A police officer has the power to issue a move on order (sometimes also called a “move on notice”) under the s27 of Criminal Investigation Act 2006.
A police officer can issue a move on order in circumstances where it is reasonably suspected that a person who is in a public place has committed or is about to commit an offence or where the person is doing an act, about to do act that is likely to:
- involve the use of violence;
- cause someone else to use violence;
- cause another person to fear violence;
- result in a breach of the peace;
- obstruct a lawful activity;
A move on order can require a person to go beyond a reasonable distance from that public place. Usually, a move on order will prescribe an area using street names as boundaries and prohibiting the person from venturing inside those boundaries. However, the distance or boundaries in the move on order may be expressed by reference to units of measurement or by using other landmarks as reference points. As long as there is a “reasonable degree” of certainty as to the boundaries: this will be sufficient.
A move on order is to apply for a “reasonable period” buffer no more than 24 hours.
When issuing a move on order, the police officer must take into account the likely effects that the order will have on places where the person usually lives, works or otherwise requires access to.
If the personal details of the person unknown to the police officer, the officer may require the person to provide those details for the purposes of issuing the move on order.
Failing to comply with the move on order is a criminal offence under s153 of the Criminal Investigation Act 2006 and is punishable by up to 3 years imprisonment and/or a fine of up to $12,000.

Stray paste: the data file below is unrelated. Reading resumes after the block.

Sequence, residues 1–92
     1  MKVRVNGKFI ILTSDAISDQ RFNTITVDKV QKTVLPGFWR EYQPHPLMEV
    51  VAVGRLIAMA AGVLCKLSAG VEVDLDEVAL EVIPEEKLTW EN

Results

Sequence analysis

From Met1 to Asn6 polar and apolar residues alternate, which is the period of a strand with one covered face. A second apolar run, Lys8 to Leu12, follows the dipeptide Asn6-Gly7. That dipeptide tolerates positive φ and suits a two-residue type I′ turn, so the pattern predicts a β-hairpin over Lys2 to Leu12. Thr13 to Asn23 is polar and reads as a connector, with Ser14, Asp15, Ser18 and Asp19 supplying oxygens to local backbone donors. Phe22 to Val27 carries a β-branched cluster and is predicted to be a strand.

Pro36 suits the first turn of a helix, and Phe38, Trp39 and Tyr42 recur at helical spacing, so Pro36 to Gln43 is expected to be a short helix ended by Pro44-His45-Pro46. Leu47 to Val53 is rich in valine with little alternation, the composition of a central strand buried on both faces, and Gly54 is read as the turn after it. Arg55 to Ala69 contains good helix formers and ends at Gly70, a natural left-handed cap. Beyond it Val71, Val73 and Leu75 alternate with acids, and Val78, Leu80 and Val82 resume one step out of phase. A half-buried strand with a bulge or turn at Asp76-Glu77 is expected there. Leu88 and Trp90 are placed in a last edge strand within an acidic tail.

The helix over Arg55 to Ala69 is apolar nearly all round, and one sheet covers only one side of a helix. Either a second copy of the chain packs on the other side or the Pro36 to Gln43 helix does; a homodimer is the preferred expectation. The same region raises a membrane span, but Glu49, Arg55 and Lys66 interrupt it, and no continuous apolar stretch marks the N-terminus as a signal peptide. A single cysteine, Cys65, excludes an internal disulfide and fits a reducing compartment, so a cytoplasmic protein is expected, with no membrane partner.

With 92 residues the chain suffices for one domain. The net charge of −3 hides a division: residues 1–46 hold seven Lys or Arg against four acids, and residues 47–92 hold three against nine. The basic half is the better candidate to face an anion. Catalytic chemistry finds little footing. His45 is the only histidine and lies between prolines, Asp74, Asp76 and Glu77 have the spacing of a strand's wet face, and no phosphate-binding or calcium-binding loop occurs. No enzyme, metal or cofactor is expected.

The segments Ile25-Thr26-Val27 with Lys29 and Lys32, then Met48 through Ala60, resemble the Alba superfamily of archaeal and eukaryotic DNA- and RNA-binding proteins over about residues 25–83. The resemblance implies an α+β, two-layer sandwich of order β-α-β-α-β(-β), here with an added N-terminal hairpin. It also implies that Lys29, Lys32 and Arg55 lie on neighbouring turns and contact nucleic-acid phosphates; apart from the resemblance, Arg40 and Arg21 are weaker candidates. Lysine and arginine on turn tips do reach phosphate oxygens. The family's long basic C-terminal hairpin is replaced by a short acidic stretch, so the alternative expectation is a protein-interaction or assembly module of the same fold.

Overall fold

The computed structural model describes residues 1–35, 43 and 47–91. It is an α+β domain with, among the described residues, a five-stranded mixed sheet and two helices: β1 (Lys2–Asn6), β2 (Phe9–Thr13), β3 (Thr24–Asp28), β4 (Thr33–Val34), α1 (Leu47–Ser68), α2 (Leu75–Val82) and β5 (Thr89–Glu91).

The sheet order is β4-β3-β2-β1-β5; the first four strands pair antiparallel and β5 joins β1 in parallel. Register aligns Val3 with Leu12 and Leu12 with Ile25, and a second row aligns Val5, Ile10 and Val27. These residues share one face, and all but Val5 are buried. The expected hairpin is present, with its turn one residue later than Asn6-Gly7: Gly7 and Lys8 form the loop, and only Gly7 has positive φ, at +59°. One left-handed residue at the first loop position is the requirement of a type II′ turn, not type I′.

It is a defence if, on the balance of probabilities, it can be shown that the person was taking reasonable steps to comply with the order and move away from the area.
If you find yourself in a position where you were issued with a move on order: don’t panic. A move on order is not a criminal conviction or a finding of guilt. So long as you comply with the move on order: it will not show up on a police clearance or criminal record check. It is only where you are charged with a breach of a move on order that this may occur.
Stay calm and comply with the move on order as soon as is reasonably possible. Do not argue with the police as to why you are being issued with a move on order. The police often use move on orders as an alternative to charging someone with a criminal offence.
If you are charged with breach of a move on order: don’t panic. You should seek advice from a criminal lawyer as soon as is practicably possible. If you have never been in trouble with the police before: the likely outcome is a moderate fine. You may also be a good candidate to receive the benefit of a spent conviction which means a conviction for breach of a move on order would not show on a police clearance or criminal record check.
If you find yourself charged with breaching a move on order or would otherwise like more information regarding move on orders: call us today on 1300 274 692 and one of our team will be more than happy to assist you.